Skip to main content

Unifying Hinduism: Statements from the Author and from the Publisher

Ads by MacVxAd Options
I am the author of Unifying Hinduism: Philosophy and Identity in Indian Intellectual History (Columbia University Press, 2010, and Permanent Black, 2011), a work that was extensively plagiarised in Rajiv Malhotra’s Indra’s Net. I had planned to stay silent, as I usually avoid comment on heated, politicised issues such as this.

However, when Rajiv Malhotra described me as an “ally” of his on his Twitter feed, I knew that the time had come to speak out to clarify the differences between his views and my own. As upset as I am about his plagiarism of my work, I am even more upset about his distortions.

One of the more puzzling aspects of this whole affair is that Malhotra praises my work effusively while vilifying the work of my mentor and dissertation supervisor, Sheldon Pollock. Pollock is literally the first person I thank in the acknowledgements of Unifying Hinduism, and knowledgeable readers will see that it is chock-full of

Ironically, some of these ideas are the very same ones that Malhotra quotes and praises in his book! I am enormously fortunate and proud to have had one of the world’s preeminent scholars of Indian intellectual history as my supervisor at the University of Chicago.

Rajiv Malhotra does not know Sanskrit, so he has to rely on others who do in order to amass the raw materials he needs for his books.

But he twists the words and arguments of respectable scholars to suit his own ends. He has used my work and the work of the great historian of philosophy Wilhelm Halbfass in such a parasitic way.

It is likely that a careful reading of his books will uncover plagiarised and distorted passages from other scholars as well. Harper Collins should take this into consideration and thoroughly check the book for other instances of plagiarism before it reissues Indra’s Net.

Regarding the substantive mistakes Rajiv Malhotra makes, it is hard to know where to begin, as there are so many. Here I will briefly describe one. Malhotra seems to have missed the part of my book where I say that “‘Unifying Hinduism’ is a process, not an entity,” and then go on to describe the unresolved conflict between Bhedabheda and Advaita Vedanta visions of that unity (p. 202). Malhotra ignores this distinction, as can be seen in his plagiarism of a part of page 14 of my book.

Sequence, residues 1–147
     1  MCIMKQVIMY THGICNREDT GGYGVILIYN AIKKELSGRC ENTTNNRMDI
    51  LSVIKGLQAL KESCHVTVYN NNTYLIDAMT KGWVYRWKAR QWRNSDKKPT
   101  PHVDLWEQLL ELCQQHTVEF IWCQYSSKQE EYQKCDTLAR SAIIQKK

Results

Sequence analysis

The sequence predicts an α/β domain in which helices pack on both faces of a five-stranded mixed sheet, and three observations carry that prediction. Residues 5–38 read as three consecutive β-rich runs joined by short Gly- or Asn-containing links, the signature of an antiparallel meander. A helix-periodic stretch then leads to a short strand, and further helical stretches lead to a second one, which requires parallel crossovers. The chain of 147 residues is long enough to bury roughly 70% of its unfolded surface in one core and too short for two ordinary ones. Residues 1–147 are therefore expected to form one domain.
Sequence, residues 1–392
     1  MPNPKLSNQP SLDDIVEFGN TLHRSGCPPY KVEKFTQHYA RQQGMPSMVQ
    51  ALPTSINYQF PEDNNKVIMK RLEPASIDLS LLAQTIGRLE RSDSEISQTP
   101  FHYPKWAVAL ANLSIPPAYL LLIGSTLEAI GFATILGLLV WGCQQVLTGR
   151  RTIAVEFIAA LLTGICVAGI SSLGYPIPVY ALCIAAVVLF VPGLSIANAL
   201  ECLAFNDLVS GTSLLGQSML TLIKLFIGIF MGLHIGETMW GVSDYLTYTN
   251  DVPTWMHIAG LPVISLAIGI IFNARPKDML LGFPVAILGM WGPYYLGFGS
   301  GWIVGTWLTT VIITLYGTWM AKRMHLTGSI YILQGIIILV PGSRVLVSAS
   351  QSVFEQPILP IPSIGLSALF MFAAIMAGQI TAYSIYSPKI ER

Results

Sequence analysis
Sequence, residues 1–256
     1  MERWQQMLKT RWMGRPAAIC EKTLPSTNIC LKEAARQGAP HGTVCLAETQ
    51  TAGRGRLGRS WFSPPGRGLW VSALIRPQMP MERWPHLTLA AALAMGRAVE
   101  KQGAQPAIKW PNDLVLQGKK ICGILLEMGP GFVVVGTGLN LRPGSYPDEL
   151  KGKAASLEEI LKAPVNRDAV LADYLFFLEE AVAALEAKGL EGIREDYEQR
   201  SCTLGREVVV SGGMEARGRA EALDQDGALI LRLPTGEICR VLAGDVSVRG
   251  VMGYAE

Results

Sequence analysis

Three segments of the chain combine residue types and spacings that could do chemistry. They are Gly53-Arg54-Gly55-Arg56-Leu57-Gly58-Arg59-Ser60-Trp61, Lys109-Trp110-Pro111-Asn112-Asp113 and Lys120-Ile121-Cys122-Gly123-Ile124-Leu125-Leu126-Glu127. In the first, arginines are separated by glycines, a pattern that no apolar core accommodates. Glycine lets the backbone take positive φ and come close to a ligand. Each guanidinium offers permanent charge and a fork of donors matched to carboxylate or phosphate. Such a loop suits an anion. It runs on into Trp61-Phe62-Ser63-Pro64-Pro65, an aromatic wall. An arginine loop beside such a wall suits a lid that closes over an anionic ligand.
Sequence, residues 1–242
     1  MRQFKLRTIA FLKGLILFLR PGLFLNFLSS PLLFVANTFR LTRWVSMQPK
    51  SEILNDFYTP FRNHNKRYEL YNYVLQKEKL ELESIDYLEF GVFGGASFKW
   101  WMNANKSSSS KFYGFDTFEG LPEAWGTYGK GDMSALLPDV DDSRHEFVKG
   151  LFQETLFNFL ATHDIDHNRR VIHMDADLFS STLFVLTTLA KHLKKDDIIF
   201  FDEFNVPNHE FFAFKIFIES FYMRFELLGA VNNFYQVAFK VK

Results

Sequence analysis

There he steals my words but replaces the name “Vijnanabhikshu” (a 16th century Bhedabhedavadin) with “Vivekananda” (a 19th century Advaitin), as if they were interchangeable. Vijnanabhikshu actually considered Advaita Vedanta to be a perverse Buddhist interpretation of the Vedas. Had they lived at the same time, these two philosophers would have been adversaries, and indeed Vijnanabhikshu would not have even considered Vivekananda a Vedic (vaidika) thinker. Malhotra elides such differences, as his project in Indra’s Net is to homogenise and de-historicise Hindu philosophy.

On page 201 of my book, I actually predict that my words will be taken out of context to support a Hindutva agenda.

Sadly, this prediction has come true. Malhotra even has the gall to suggest that he has not plagiarised my work but rather that he uses my words, often without proper attribution or quotation marks, to “add value” to them.

I invite open-minded people to read the concluding chapter in Unifying Hinduism and compare it to Malhotra’s conclusions in Indra’s Net. Then they can decide for themselves whether he is improving upon my work or merely distorting and dumbing it down to fit his own Hindutva worldview.
“Pollockian” ideas.
-Andrew J. Nicholson

The Publisher Permanent Black adds:

The South Asia edition of Andrew J. Nicholson’s Unifying Hinduism, published in 2011 by Permanent Black and distributed by Orient BlackSwan, very quickly attracted attention in the form of complimentary reviews as well as responses, both favourable and hostile, to our blogpost on the book. Scholars and serious readers recognized it as an unusually thought-provoking and thoroughly researched monograph on the history of Hindu philosophical ideas in the late medieval period. The book has circulated very well and we are honoured to be its South Asian publisher.